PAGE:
“I was like, well what’s special about us? What did we do to be still standing after Amazon comes after us? And I couldn’t answer the question.”
He talked to former executives at a number of companies Amazon had directly targeted. Some of them sold to Amazon, while others went out of business. None had survived.
“I was happy we won, but I couldn’t answer the question, why did we win? I knew we’d won, but I’d like to think it’s more than just luck, but I just couldn’t explain it. So I went on this two-year quest to figure it out.”
McKelvey found that Square wasn’t actually alone. Many companies had survived direct attacks from large competitors, and they all had one thing in common, what he calls the “innovation stack.”
He describes the innovation stack as a series of interlocking inventions that create something you can’t attack. Instead of one big innovation, the companies that survive are innovative in several ways that all contribute to the overall success of the company.
And that series of innovations is almost impossible to copy in their entirety. For Square, it was easy to copy the hardware, but that was just one of 14 different innovations that made the company different in the online payments field.
“So I talk about 14 things that we did differently. Every one of those was necessary for the system to work. So, if we’d done 12 and we hadn’t done the 13th and 14th, Square wouldn’t have worked.”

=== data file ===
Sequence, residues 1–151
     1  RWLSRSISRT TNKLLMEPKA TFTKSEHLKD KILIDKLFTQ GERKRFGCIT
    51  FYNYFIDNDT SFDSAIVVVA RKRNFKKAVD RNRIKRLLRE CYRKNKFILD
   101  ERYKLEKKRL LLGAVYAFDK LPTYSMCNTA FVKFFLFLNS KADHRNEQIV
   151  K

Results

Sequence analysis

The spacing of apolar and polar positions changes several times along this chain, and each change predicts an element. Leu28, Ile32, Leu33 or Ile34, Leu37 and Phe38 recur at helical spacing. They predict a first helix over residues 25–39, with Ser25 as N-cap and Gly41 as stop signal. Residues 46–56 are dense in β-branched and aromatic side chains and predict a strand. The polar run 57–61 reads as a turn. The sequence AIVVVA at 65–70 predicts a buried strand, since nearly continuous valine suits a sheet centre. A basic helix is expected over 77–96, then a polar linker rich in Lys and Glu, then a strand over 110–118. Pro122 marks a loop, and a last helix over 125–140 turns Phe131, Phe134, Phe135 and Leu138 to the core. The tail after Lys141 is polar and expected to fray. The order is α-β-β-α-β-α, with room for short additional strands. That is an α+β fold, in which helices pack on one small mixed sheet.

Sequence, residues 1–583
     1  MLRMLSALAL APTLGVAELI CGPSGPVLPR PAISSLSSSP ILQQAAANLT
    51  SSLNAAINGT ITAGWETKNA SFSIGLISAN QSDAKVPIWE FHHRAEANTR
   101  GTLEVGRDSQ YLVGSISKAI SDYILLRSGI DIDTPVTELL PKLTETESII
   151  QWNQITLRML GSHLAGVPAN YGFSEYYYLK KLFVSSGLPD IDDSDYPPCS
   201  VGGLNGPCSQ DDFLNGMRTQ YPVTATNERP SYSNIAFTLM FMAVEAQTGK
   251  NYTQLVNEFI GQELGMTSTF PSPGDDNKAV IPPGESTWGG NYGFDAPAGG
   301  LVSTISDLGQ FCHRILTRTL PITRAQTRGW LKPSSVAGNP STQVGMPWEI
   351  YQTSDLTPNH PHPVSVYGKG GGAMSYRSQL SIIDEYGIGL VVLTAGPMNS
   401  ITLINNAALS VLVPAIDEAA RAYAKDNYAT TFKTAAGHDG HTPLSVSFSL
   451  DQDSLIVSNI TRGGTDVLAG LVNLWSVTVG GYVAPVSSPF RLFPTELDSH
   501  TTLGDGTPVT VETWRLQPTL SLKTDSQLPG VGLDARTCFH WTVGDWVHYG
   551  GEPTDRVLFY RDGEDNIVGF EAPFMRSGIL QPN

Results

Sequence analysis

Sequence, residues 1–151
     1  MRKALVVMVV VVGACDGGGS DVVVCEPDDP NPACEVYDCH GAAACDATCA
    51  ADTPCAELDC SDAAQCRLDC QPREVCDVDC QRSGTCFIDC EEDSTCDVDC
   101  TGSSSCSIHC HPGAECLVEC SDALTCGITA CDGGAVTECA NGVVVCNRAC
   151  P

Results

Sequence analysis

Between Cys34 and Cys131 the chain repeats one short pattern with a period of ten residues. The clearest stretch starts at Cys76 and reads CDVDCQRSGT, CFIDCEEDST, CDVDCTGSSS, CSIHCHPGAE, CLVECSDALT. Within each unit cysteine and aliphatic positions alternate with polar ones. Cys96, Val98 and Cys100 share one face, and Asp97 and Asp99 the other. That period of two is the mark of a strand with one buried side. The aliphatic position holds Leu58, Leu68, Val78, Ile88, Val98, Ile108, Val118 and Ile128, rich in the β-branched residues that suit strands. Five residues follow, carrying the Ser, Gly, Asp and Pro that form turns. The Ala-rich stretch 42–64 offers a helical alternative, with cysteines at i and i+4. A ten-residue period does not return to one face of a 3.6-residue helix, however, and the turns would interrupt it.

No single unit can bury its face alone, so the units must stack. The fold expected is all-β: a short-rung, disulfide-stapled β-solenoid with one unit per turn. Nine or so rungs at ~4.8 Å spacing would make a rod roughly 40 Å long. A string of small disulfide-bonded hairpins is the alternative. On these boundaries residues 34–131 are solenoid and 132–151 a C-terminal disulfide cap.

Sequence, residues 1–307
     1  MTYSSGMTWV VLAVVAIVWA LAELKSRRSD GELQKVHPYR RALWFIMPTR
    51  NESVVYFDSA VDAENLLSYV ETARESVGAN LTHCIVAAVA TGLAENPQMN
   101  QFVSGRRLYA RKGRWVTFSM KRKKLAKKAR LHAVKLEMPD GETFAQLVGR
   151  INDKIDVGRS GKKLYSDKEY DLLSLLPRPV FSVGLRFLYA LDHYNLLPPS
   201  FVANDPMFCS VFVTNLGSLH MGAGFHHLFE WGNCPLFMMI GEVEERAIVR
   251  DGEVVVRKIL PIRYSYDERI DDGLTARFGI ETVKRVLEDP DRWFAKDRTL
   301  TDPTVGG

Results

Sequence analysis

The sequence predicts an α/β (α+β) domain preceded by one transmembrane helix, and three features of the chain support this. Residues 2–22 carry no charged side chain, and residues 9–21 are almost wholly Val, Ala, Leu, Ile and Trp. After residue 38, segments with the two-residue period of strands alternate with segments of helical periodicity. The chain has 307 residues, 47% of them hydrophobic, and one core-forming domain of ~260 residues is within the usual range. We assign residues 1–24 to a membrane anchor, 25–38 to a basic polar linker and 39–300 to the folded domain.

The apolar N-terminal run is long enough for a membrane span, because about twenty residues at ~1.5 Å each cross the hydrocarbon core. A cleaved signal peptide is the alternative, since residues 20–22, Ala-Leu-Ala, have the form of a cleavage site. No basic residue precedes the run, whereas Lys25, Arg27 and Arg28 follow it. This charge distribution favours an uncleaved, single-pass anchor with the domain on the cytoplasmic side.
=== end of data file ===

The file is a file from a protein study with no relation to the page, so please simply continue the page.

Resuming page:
One of the 14 was their system for handling fraud.
Since Square is a company that handles online payments, McKelvey says, it got hit from day one. Three years later, when Amazon came out with its product, Square had already developed unique processes for dealing with fraud, something Amazon couldn’t replicate.
But, McKelvey says, even if every aspect of a company’s innovation stack is visible, it’s hard for large companies to copy it all successfully. Why?
“Organizational culture,” he says. When a startup comes along with a new way of solving a problem, it’s difficult for a well-established brand to pivot, to change its ingrained processes to compete.
His example is Southwest Airlines. They revolutionized the boarding process, turning a 45-minute process into a 10-minute one. And they did it by rethinking the whole process, right down to cleaning the plane.
With Southwest, even the pilots helped clean the cabins before boarding new passengers, something McKelvey says United or Delta Airline pilots would not be willing to do because they were already used to a certain organizational culture.
Because Southwest was new, they could set their own culture. “Let me tell you that the Southwest pilots, you didn’t become a Southwest pilot unless you were willing to play their game.”
McKelvey writes about Southwest and several other companies who shook up their industries in his new book, The Innovation Stack.
No Experience Needed